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AAUP 2016: Maximize Your International Sales (J. Lawrence-Hurt)

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AAUP 2016: Maximize Your International Sales (J. Lawrence-Hurt)

  1. 1. Maximize Your International Sales AAUP Annual Meeting June 17, 2016 Jessica Lawrence-Hurt The MIT Press International & Institutional Sales & Marketing Manager jclh@mit.edu
  2. 2. Where I’m Coming From…. MIT Press:  Publishes 200 books and 31 journals/year  London office since 1969 – focuses on marketing/publicity  40% book sales are export  Sales rep group with three other UPs for UK/Europe, ME, Africa  Commission reps on the ground throughout the world  I’ve spent 15 years in publishing; 1.5 in current role
  3. 3. “International sales” is not one-size-fits-all  Decide where you want to start and why  Some territories are already large, stable markets, but flat or declining  Others have high rates of growth, but are still small (and may require a lot of work)  Some regions have multiple high-quality agencies, others have few  Every market has different opportunities: libraries, text adoptions, trade books  Well-illustrated books are always a plus  You’re probably already selling some books internationally – global sourcing is real! 50% of MITP sales through Ingram are international
  4. 4. UK/Ireland  Aside from Canada (you’re selling into Canada, right?), this really makes the most sense to start with intl sales: 5th largest publishing market, speaks English (but don’t think you won’t need to customize your marketing materials!)  Multiple, reputable options for rep groups  Cautiously optimistic growth: in 2015, for the first time in four years, UK sales of printed books rose slightly, by 0.4 percent, from £2.748 billion to £2.760 billion. In 2015, total sales in the British book and publishing industry rose from £3.311 to £3.314 billion  Digital sales flat, unchanged at 17%  In terms of categories, academic/reference books hold the lead with 32%, then children’s (24%) and textbooks (17%)  Multiple reputable options for representation and distribution  Cautiously optimistic growth – as in US, indies are seeing slow growth, even as library budgets continue to decline  Bertrams and Gardners largest wholesalers; export all over Europe
  5. 5. AUSTRALIA  Language is a plus! Strong ties to UK book market  Shipping hurts financially… POD can help  Currency in crisis  University bookstores (Coops) becoming like American stores
  6. 6. Europe  Each individual country has own language, culture, education systems – but EU eases import/export  Many differences country to country: N. Europe typically reads a lot of English-language books, sales are healthy in Scandinavia and Germany; S. Europe dealing with more economic turmoil and smaller English-reading audience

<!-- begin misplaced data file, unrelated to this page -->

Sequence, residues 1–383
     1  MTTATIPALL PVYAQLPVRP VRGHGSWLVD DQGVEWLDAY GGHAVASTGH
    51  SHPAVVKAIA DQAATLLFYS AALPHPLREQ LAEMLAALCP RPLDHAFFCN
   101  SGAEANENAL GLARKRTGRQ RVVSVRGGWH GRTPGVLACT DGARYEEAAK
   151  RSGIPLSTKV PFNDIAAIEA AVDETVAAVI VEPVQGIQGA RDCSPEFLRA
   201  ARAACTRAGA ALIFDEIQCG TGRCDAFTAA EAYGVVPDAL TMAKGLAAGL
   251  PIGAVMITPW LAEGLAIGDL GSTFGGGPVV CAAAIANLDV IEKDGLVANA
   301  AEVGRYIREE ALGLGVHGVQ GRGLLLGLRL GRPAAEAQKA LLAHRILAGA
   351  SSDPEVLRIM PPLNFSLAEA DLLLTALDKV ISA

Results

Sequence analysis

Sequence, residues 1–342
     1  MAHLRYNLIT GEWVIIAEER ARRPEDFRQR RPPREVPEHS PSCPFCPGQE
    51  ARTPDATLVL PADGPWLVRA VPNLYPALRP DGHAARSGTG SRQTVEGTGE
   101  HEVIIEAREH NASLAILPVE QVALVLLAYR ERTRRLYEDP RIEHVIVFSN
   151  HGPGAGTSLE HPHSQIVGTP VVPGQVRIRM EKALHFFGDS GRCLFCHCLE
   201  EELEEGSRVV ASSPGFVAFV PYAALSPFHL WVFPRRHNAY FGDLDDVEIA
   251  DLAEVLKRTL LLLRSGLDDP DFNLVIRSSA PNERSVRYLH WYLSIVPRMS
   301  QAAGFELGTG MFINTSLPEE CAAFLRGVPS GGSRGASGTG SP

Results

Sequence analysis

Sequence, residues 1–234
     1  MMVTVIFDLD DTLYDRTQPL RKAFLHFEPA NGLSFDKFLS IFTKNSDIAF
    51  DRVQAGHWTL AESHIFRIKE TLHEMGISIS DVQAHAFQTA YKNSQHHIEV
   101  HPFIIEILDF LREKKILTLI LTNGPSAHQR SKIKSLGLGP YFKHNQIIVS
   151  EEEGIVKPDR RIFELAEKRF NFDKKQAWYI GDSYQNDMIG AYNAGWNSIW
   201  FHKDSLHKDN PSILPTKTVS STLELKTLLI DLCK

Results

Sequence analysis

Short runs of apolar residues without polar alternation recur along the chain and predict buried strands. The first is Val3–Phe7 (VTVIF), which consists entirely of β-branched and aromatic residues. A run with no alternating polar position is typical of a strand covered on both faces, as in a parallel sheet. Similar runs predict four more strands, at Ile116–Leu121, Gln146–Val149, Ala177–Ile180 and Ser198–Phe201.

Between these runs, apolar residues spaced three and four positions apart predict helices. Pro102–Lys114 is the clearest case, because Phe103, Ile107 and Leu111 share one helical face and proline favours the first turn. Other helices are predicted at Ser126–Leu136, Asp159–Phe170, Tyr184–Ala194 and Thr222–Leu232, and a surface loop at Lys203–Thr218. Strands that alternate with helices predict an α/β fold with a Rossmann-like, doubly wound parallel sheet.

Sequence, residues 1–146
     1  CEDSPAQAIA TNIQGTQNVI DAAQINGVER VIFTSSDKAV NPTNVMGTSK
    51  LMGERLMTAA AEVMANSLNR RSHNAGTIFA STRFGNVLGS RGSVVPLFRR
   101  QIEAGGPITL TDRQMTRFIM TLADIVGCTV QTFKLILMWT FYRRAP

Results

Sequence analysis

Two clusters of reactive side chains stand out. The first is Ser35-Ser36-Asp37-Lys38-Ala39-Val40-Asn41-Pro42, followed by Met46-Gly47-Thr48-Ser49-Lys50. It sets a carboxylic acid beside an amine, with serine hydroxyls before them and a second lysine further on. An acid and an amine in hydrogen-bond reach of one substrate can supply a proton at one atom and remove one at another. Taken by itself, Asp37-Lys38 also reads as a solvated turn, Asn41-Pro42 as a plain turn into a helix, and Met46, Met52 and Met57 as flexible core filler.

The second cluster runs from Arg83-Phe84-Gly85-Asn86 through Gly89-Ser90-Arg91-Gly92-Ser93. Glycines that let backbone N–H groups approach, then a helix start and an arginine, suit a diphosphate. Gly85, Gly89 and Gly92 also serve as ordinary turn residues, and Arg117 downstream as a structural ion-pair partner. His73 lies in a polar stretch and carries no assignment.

7. 7. CHINA  Probably the most exciting market right now – but also the most daunting – market grew 10% in 2014; totaled $8 billion in 2013  1.5 billion people; 300 million learning English; 32% under age 24  ESL, business, computer science, health, self-help most popular categories  Essential to have someone on the ground who speaks the language and can travel  Have to work with an importer to get books into country: key ones are CEPIEC, CNPIEC, Shanghai Book Traders are largest; will screen materials for “appropriateness” prior to importing – this can slow things down  Textbooks still highly used and students will buy them – MITP has had adoption success
  8. 8. JAPAN  Very traditional market, relationship-oriented  Relatively small % who buy English-language books  Translation of marketing materials a big plus – many buyers don’t speak English  Amazon is big player here, but they’ve cut back in recent years  Maruzen and Kinokuniya are major bookstores  English-language textbooks rarely used at undergrad level  Art books work if heavily illustrated; linguistics and neuroscience does well  Libraries used to buy HC if both HC and PB available; now mostly buy PB – library budgets being cut, aging population, universities are closing
  9. 9. SE ASIA  Small markets, but growing rapidly  English is one of four official languages  Malaysia smaller but some success with course adoptions  Many book dealers, not always scrupulous  Require very high discounts and free freight
  10. 10. Latin America, or, What happened to Brazil?  Brazil was the B in BRIC – high hopes  200 million people  Poor infrastructure and book distribution channels  Require high discounts, free freight  Since World Cup, government not paying its bills – majority of education spending comes from government  Mexico is where it’s at!
  11. 11. Middle East  MITP sells mainly through textbook adoptions, and in more advanced subjects  Some libraries have received massive amounts of funding to grow large collections, which some UPs have benefited from  Continues to grow, although still relatively small  Many differences country to country: Israel, Lebanon, Turkey, Egypt all have relatively stable book distribution infrastructures  Censorship is an issue
  12. 12. Africa  While book markets are more robust than many think – Nigeria’s is in the billions of dollars – the distribution infrastructure if very different – sellers will spread out their wares on sidewalks – and very low prices are required – 60-65% discounts  South Africa a small, isolated market  Libraries seeing modest budget growth